(Vatican Radio) Protests are planned after Poland’s Parliament rushed through a controversial law that will enable the government to appoint judges without consultation with judicial circles. Plans are also underway to allow the justice minister to get rid of all of the country’s Supreme Court judges and appoint new ones, adding to international concerns about Poland’s democratic credentials.
Listen to the report by Stefan Bos:
Under cover of darkness and without consultation beforehand the ruling Law and Justice party introduced controversial legislation that critics say will erode the independence of the judiciary.
But as the governing party and its have a comfortable majority, the law was soon passed by parliament in the middle of the night.
Under the legislation, the justice minister and parliamentarians will have the power to appoint judges without consulting judicial officials.
The right-wing nationalist government claims the reforms are needed because the judiciary is corrupt and serves only the elite.
However don’t tell that to prominent Professor Ewa Łętowska, a former judge who served on the country’s constitutional tribunal and the supreme administrative court. Under the changes, "the Minister of Justice, who is also the Prosecutor General, would have the possibility of influencing through the National Council of the Judiciary, appointments in the judiciary, essentially deciding who continues to be a judge and who becomes one," she said.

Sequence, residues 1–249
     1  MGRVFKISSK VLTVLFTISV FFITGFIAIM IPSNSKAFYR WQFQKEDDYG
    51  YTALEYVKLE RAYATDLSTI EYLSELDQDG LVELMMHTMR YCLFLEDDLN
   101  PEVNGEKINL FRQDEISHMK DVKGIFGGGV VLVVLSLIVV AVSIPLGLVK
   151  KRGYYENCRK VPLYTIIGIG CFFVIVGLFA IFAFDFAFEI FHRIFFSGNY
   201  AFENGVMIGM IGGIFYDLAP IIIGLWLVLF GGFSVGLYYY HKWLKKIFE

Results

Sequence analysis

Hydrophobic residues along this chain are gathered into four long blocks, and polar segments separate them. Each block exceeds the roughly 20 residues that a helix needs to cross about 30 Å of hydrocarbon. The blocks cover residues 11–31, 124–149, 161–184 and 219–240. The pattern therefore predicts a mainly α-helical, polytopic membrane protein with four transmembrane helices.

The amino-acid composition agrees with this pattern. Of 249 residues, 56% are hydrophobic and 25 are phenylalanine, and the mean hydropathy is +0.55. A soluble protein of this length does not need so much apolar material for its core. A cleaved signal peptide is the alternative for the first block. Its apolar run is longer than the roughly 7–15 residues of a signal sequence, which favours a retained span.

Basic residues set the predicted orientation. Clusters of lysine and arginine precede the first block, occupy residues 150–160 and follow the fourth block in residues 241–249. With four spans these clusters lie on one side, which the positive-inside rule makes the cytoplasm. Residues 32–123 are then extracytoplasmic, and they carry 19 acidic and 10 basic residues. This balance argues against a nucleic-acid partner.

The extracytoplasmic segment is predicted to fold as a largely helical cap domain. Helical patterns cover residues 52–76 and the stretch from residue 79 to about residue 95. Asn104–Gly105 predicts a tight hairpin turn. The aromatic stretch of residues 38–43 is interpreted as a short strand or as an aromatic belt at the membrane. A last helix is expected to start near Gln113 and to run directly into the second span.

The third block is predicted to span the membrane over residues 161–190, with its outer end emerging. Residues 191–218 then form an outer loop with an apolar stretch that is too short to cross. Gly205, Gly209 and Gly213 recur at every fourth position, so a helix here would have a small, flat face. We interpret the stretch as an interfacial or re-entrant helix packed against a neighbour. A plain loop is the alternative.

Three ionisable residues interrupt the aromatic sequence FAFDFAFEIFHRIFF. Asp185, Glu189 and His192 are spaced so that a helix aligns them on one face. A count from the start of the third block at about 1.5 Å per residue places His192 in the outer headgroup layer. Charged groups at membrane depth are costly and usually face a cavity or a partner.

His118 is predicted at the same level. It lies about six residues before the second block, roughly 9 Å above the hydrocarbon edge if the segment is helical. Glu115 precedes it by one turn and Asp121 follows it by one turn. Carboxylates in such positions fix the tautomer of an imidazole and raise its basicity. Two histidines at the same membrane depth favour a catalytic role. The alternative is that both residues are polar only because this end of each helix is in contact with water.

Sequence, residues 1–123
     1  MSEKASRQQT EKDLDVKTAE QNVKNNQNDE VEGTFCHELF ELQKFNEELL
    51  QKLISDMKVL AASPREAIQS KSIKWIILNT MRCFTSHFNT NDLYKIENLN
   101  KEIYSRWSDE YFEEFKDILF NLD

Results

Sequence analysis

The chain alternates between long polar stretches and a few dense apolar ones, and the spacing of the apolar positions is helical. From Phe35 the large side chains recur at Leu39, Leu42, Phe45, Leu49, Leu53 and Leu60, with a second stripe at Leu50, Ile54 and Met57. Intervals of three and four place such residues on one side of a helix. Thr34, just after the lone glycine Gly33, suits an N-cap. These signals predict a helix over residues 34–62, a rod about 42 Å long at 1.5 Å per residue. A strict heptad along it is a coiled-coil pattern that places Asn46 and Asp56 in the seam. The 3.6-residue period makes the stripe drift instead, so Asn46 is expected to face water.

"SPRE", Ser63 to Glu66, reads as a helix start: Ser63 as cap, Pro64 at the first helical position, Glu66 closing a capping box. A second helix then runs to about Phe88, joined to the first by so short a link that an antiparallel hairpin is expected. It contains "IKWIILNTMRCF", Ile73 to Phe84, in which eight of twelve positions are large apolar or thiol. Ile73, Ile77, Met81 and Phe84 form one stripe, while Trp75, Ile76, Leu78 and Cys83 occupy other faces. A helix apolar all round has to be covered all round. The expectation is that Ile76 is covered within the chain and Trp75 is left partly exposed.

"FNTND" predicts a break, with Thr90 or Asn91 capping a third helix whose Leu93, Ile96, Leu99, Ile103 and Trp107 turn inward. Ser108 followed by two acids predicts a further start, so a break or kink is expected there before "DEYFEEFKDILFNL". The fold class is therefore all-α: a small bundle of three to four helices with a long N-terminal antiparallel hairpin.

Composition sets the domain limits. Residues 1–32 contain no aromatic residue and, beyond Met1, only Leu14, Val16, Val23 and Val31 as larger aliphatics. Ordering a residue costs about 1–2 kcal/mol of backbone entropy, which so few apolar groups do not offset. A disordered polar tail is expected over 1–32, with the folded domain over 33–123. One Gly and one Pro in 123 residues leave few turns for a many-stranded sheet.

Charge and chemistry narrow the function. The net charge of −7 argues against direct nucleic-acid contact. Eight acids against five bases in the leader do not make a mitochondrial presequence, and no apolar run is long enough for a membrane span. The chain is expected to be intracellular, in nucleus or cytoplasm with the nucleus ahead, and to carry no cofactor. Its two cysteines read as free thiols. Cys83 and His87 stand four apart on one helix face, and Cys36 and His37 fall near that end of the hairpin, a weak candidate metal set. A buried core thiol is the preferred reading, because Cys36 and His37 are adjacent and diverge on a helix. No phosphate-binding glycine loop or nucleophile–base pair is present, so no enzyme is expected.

Łętowska also fears the end of the high court in its current form saying the government only wants to leave judges that are acceptable to the justice minister. She views this as "alarming" as "nobody going to court wants" a judge to face political pressure to make a certain decision.
The bill must now be signed by the president to become law, but a protest against the change was scheduled to take place in the capital Warsaw on Sunday.
Since it came to power in 2015, the Polish government has passed a series of controversial reforms.
They triggered mass protests and concerns within the European Union over the perceived crackdown on the judiciary and press freedom in the EU member state.